If lawmakers in Washington aren't able to reach an agreement to avoid a government shutdown on October 1, who would you blame?
WASHINGTON (AP) -- President Barack Obama ramped up pressure on Republicans Monday to avoid a post-midnight government shutdown, saying that failure to pass a short-term spending measure to keep agencies operating would "throw a wrench into the gears" of a recovering economy.
Late Monday, Obama called Republican and Democratic congressional leaders but there was no breakthrough in the budget impasse.
Earlier, Obama urged House Republicans to pass a short-term spending bill free of any conditions that would weaken the nation's 3-year-old health care law.
Obama spoke after the Senate rejected a House proposal to delay implementation of the health care law. House Republicans were preparing to vote on another stop-gap spending measure, this one putting off a requirement that people must obtain health insurance.
The White House issued a veto threat to that proposal shortly after GOP leaders announced it.
House Speaker John Boehner, R-Ohio, has been under pressure from conservatives to use the stopgap spending bill and subsequent legislation to raise the nation's borrowing authority to delay or cut federal finances to the health care law as a way of stopping it in its tracks. The health care law is entering a crucial new stage on Tuesday when people begin to sign up for the insurance marketplaces set up under the law to help the uninsured.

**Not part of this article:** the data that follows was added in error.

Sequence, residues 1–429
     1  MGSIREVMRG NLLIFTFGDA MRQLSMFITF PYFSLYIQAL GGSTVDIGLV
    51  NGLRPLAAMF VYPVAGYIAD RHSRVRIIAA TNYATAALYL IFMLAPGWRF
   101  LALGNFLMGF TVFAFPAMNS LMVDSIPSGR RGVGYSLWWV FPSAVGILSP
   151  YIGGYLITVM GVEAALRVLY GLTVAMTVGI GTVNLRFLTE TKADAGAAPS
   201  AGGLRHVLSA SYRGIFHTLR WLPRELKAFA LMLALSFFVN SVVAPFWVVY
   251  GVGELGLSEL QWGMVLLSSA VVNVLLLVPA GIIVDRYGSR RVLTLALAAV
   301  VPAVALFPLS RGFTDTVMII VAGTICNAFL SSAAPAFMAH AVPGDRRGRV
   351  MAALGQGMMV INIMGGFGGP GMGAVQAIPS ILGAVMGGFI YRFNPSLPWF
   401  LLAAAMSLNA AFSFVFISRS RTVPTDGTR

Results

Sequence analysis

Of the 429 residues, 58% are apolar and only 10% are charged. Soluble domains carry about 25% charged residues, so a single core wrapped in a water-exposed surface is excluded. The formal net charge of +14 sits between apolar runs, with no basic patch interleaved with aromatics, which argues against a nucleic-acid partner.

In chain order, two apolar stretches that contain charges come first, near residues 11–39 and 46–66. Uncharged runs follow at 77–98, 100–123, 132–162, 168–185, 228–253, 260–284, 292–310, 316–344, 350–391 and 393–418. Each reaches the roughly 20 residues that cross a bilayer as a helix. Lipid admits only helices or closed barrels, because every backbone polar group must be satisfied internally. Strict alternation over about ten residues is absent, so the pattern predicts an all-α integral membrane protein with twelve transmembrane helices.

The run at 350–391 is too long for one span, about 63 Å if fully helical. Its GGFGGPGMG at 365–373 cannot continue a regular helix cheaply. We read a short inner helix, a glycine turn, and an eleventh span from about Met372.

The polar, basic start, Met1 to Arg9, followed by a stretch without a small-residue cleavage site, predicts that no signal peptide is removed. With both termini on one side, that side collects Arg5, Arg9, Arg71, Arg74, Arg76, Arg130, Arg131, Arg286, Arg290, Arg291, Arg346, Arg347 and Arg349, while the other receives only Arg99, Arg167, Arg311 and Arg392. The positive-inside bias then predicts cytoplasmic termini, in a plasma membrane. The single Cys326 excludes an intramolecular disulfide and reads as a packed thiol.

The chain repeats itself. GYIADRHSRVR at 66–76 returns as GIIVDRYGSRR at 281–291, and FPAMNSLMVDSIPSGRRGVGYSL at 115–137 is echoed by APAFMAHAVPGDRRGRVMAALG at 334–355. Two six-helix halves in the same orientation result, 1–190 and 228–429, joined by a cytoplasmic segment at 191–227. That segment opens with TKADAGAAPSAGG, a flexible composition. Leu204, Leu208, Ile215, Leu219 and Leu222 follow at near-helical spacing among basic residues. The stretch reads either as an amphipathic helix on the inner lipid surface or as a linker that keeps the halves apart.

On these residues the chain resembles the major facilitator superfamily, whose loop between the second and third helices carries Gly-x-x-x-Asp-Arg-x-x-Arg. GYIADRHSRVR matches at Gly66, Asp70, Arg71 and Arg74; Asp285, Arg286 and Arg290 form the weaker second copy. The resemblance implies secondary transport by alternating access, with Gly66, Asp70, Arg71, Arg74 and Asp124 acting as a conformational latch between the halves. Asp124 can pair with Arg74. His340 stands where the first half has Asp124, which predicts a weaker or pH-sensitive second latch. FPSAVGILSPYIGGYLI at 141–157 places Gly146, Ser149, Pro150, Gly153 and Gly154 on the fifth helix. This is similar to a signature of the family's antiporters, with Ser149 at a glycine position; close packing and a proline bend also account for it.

"One faction of one party in one house of Congress in one branch of government doesn't get to shut down the entire government just to refight the results of an election," Obama said in the White House briefing room.
The spending fight is a prelude to the bigger confrontation over the nation's credit limit, expected to hit its $16.7 trillion cap in mid-October. Obama on Monday urged Republicans not to saddle the legislation to increase the debt ceiling with measures designed to undermine the health care law. He has vowed not to negotiate over the debt ceiling, noting that a default would be worse for the economy than a partial government shutdown.
On Wednesday, Obama is scheduled to meet with top Wall Street CEOs to discuss the state of the economy, including the debt ceiling. The meeting is with members of the Financial Services Forum, a trade group representing the 19 biggest financial service institutions doing business in the United States, including Goldman Sachs, Bank of America and Citigroup. The Forum joined 250 other business organizations in a letter to Congress on Monday calling on them to avoid a shutdown, raise the debt ceiling and then address long-term spending issues and deficits.
Monday evening, Obama called Boehner, House Minority Leader Nancy Pelosi, D-Calif., Senate Majority Leader Harry Reid, D-Nev., and Senate Minority Leader Mitch McConnell, R-Ky.
The call with Boehner lasted nearly 10 minutes. Boehner spokesman Brendan Buck said Boehner told Obama that the health care law was costing jobs.